Yes, for those of you who are taking the “root against a Kobe/LeBron Finals” stance, last night was a tough one. However, if you foolishly began texting each and every “Witness” you knew exactly one second too early, as the awful, Cetera-less 80′s Chicago would say, “You’re Not Alone.”
While it’s sad to see The Garden closed, you have to give credit where credit is due. It’s still not the most insane shot C’s fans have seen him take, though.
My question is this: had LeBron missed that shot do you think he still would have rushed to Craig Sager and told him how “great” a call the refs made on his fourth-quarter travel?
|05.23.09 at 2:01 pm ET|
Johan Santana and his Mets rolled into Fenway Friday night and it wasn’t long before the Dennis-Eckersley’s-new-word hit the fan.
With the Mets on top, 4-3, in the bottom of the fifth inning, Santana plunked New York beanbag Kevin Youkilis. As WEEI.com’s Alex Speier documented at the time, the location of the pitch was hardly suspect given Youkilis’ tendency of crowding the plate. Nevertheless, the Sox first baseman reacted in typical fashion– by jawing his way to first.
Santana took exception and after the game played the “I’m a gamer” card. Always a safe choice (for those not named Kellen Winslow Jr.). Youkilis, meanwhile, said that he did not think Santana was trying to hit him, and proclaimed that he was merely joking.
Regardless of location or intention, the play was certainly evocative of another heated at-bat versus a New York pitcher, and I don’t mean Scott Proctor.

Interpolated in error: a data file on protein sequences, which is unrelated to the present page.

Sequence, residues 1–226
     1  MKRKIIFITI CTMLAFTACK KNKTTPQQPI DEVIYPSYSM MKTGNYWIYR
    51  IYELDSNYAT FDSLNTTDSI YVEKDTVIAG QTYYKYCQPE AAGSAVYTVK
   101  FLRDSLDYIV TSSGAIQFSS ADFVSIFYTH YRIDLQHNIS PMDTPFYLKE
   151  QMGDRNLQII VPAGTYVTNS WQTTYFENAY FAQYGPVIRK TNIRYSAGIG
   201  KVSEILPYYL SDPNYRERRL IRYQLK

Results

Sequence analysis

MLB has restricted the circulation of the video of Joba throwing at Youk’s head twice in ’07, so this will have to suffice.
It seems that whenever we’re talking about a beaning in Boston these days, Youkilis is at the center of it. So doesn’t it come as a surprise that on the list of active leaders in HBP, Youk sits in a tie for 85th place with 47?
Among the surprising players ahead of him:
–Reed Johnson (95), who broke into the majors a year before Youk but has never played 145 games in a season, though he has come close.
– Old friend Alex Cora (81), who at the age of 33 has only reached the 145-game mark once. Youkilis has played at least 145 games every year since 2006.
–Youngsters Rickie Weeks (62) and Grady Sizemore (53), both of whom are currently just 26 years old.
|05.22.09 at 4:33 pm ET|
As the NCAA Men’s Lacrosse Final Four approaches this Memorial Day weekend at Gillette Stadium, the lacrosse fervor seems to be building. Good thing the Krafts didn’t double book the Patriots rookie training camp earlier this week with the NCAA finals like the debacle the WWE and the Denver Nuggets faced this past week at the Pepsi Center.
The tournament leading up to the finals has been full of surprises, from the 19-goal output by Virginia against last year’s National Championship runner-up Johns Hopkins to Syracuse goalie Alex Cavalieri’s unexpected start against Maryland after starter John Galloway came down with the flu. The games this weekend should be exciting, with most of the top seeds having advanced.